Over the years there have been countless tragedies that have taken place in the mountains. It’s a harsh environment and even the most skillful, highly trained mountaineers can be become victims. This is just one example of a well-known tragedy that took place on the north face of the Eiger 80 years ago.
In July 1936, four experienced German and Austrian climbers set out to tackle ‘the last problem of the Western Alps’: the north face of the Eiger. Toni Kurz, Andreas Hinterstoisser, Willy Angerer and Edi Rainer were volunteers for Hitler’s mountain strike force, which set out to produce propaganda for the Nazis and the forthcoming Berlin Olympic Games by successful alpine ascents.
The ascent started off successfully, and the team looked set for the summit, until Angerer sustained a head injury from falling rocks. The group were forced to turn back and down-climb as he couldn’t continue.
The summit of the Eiger
When the team reached the Hinterstoisser traverse on the down-climb (they didn’t know it was called that, as it was named after Andreas Hinterstoisser’s impressive conquering of it on the way up) it was un-crossable and they were forced to abseil further down the north face. On 21 July an avalanche hit the group, sending Hinterstoisser falling to his death and slamming Angerer into the wall, killing him on impact. Rainer, who had been belaying the two, was pulled into the wall by the weight on the ropes and died minutes later of asphyxiation.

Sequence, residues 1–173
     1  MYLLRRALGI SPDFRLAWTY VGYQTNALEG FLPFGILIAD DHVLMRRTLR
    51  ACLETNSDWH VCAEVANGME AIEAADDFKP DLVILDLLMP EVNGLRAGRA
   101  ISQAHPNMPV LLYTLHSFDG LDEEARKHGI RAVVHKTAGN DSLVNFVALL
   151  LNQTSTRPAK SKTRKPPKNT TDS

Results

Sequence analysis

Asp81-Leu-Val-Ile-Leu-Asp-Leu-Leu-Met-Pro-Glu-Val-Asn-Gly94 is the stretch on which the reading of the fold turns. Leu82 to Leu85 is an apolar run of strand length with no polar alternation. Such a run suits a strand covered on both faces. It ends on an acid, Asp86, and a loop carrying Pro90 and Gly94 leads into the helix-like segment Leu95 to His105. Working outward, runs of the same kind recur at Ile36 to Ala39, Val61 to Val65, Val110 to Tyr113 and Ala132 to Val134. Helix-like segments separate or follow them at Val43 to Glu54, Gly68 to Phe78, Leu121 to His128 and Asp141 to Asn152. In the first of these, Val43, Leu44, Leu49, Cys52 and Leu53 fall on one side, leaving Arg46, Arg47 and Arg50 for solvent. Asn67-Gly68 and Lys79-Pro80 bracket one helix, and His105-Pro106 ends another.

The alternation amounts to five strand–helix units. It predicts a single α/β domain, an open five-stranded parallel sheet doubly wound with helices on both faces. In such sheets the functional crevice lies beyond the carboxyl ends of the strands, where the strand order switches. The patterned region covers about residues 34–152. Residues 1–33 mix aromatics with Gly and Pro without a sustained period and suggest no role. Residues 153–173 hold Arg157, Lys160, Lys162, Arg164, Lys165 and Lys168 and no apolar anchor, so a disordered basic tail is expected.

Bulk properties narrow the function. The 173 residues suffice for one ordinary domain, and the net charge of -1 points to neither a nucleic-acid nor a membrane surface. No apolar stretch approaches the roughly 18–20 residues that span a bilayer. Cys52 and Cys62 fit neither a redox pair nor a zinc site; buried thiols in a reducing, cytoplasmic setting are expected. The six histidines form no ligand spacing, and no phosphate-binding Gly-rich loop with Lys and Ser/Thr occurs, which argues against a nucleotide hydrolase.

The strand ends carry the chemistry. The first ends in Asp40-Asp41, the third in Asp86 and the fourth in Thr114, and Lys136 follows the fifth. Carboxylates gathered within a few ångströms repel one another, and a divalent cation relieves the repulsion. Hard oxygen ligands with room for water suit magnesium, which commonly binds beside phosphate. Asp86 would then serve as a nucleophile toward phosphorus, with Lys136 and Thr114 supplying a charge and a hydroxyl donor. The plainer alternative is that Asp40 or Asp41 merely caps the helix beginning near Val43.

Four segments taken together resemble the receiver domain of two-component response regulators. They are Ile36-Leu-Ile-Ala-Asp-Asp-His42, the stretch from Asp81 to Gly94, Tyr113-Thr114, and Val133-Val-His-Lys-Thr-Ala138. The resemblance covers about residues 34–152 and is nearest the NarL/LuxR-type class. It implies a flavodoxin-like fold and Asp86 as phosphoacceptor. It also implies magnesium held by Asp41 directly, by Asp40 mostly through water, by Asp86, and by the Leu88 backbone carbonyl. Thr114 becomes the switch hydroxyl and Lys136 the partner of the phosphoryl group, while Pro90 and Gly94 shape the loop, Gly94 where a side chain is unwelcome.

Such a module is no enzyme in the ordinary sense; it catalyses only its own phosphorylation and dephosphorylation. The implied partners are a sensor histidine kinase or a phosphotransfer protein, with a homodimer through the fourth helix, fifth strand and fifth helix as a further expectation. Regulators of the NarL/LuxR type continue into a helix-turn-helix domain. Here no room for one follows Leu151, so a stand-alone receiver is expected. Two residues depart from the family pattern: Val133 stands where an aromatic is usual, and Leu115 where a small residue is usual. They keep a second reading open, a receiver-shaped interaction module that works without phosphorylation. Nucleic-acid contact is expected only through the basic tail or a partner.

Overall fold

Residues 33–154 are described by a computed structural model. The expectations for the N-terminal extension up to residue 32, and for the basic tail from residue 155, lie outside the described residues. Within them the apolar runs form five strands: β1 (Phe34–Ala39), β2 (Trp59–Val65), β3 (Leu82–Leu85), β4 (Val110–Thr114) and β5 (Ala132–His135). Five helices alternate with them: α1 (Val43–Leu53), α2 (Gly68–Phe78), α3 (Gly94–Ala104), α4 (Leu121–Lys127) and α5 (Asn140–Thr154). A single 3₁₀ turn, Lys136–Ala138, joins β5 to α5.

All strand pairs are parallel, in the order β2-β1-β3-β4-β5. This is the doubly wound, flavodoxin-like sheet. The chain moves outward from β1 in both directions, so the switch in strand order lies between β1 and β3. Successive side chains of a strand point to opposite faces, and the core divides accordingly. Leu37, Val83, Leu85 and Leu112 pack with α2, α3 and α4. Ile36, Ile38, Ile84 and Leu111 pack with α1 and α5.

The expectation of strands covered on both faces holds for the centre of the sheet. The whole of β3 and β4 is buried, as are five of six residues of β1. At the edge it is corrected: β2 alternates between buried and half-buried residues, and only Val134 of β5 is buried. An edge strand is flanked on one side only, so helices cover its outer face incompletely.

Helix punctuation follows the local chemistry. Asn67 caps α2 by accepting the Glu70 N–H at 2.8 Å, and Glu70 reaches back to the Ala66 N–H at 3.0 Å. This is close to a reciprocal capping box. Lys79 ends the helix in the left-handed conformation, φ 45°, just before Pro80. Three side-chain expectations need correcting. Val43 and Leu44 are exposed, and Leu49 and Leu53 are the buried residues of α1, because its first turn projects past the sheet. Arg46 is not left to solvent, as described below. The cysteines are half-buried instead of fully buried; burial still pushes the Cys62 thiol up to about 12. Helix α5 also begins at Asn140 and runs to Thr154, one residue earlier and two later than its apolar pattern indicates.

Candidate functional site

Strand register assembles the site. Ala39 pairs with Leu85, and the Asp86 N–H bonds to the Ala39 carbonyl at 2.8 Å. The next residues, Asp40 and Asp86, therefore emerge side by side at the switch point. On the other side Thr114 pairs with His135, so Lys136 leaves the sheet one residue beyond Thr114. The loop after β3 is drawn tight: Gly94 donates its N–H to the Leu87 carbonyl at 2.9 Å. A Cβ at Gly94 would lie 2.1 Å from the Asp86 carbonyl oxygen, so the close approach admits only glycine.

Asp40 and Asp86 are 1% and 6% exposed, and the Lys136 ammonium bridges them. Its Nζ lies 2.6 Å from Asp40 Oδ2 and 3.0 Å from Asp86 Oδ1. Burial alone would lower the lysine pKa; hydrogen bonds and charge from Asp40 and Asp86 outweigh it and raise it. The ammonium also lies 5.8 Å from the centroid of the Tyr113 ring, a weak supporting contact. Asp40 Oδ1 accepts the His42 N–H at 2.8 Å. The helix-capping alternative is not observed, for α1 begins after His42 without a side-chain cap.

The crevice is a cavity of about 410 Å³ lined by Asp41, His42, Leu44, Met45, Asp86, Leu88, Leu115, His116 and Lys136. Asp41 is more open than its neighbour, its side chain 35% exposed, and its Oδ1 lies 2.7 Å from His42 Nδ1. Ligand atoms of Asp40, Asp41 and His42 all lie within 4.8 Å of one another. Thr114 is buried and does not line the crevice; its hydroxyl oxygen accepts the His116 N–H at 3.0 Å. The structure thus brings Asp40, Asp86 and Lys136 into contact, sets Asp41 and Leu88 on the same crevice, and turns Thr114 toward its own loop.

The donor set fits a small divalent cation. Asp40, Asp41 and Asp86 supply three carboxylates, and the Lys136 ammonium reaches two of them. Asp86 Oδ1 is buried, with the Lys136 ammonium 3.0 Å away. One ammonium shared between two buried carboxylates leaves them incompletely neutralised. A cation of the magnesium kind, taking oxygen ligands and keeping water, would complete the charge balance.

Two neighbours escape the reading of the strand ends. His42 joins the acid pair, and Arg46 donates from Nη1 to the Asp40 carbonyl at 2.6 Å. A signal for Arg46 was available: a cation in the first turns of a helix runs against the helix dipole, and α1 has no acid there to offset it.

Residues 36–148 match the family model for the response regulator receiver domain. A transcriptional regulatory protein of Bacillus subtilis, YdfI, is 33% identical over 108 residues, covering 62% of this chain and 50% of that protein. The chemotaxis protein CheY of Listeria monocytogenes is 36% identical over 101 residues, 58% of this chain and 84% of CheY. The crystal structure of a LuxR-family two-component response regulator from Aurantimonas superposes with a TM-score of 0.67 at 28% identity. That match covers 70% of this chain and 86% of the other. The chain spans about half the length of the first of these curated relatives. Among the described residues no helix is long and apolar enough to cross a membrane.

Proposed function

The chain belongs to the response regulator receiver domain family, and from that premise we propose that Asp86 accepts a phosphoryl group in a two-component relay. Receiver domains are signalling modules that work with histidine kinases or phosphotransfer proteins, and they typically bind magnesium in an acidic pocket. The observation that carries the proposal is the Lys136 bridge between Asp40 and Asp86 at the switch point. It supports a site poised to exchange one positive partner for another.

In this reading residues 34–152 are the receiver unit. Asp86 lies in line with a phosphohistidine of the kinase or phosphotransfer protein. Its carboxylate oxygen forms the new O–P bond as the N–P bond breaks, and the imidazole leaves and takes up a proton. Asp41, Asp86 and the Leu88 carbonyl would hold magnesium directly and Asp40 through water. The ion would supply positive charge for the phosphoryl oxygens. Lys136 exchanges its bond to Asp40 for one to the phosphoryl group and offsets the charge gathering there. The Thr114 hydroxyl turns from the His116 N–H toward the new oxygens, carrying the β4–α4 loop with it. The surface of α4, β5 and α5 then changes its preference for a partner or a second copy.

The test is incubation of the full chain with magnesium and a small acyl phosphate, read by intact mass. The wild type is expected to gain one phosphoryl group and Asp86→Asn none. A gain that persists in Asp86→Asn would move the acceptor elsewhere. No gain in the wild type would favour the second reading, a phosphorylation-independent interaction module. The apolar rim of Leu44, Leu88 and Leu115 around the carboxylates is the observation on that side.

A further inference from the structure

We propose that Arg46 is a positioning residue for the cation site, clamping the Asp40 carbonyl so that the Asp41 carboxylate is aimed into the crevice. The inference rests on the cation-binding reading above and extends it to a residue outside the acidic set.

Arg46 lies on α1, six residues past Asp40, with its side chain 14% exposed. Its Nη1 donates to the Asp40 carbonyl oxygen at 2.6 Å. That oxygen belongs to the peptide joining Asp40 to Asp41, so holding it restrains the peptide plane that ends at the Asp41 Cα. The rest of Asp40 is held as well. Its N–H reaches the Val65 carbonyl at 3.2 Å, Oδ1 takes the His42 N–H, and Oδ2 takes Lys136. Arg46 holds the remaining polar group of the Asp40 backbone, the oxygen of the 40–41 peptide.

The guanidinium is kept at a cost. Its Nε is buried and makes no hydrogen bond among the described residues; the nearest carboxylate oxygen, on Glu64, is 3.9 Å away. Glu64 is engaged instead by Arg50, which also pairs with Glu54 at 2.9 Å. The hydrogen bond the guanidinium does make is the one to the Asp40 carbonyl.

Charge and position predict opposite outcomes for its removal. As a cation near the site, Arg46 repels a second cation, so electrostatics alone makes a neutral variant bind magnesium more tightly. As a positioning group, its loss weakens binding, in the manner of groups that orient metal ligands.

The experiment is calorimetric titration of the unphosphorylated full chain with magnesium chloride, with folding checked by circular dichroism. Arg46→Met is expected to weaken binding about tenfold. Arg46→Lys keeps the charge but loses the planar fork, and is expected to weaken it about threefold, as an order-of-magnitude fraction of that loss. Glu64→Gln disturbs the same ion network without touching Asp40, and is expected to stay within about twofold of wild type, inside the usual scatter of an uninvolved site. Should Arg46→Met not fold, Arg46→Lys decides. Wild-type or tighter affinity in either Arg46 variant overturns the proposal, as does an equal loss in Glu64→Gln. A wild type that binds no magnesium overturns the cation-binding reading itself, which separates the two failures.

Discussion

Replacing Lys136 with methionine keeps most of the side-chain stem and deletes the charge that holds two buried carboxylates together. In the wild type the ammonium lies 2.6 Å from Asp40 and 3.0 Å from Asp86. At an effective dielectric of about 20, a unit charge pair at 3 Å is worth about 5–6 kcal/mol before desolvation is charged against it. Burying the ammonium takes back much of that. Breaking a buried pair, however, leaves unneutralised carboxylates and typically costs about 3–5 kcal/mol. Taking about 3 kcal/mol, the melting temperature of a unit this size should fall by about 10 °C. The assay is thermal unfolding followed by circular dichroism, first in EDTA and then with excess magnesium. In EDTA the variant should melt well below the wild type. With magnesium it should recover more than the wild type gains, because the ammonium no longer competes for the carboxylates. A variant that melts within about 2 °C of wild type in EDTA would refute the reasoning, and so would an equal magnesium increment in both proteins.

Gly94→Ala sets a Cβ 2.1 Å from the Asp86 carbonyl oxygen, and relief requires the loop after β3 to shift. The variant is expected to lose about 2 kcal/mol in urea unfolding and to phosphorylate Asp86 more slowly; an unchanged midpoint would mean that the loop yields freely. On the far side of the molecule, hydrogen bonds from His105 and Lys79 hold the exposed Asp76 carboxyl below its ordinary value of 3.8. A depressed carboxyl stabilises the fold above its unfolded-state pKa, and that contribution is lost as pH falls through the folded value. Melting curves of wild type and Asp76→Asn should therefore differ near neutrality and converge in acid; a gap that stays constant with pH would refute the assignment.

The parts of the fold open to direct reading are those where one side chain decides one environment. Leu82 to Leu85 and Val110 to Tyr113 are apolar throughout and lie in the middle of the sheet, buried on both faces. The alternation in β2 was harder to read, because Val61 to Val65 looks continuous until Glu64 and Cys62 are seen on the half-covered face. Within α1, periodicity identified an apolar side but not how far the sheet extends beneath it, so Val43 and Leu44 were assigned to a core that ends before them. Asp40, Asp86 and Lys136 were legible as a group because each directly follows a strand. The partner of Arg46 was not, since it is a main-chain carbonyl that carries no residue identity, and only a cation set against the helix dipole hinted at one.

Kurz remained uninjured. A rescue team attempted to reach him from the railway tunnel through the mountain but couldn’t get to him so the German was left hanging throughout the night in freezing blizzard conditions.
The next morning the rescue team came back and threw Kurz a rope to tie to his own. In an ordeal that took five hours, Kurz unpicked his rope with a frozen hand (remember these were before the days of climbing ropes as we know them today) and tied the ends together to make one long rope.
He then knotted the rescue team’s rope onto his and began the abseil to safety. All was going well until he reached the knot from the rescue team’s added rope. Unable to manipulate his abseil gear over the knot, he looked at the rescuers and said, “Ich kann nicht mehr”, meaning ‘I cannot go on anymore’ and soon passed away from exposure.
If you found that interesting you should also head over and read about the tragedy on Lenin Peak in 1974.
Intro photo: Thomas Wenger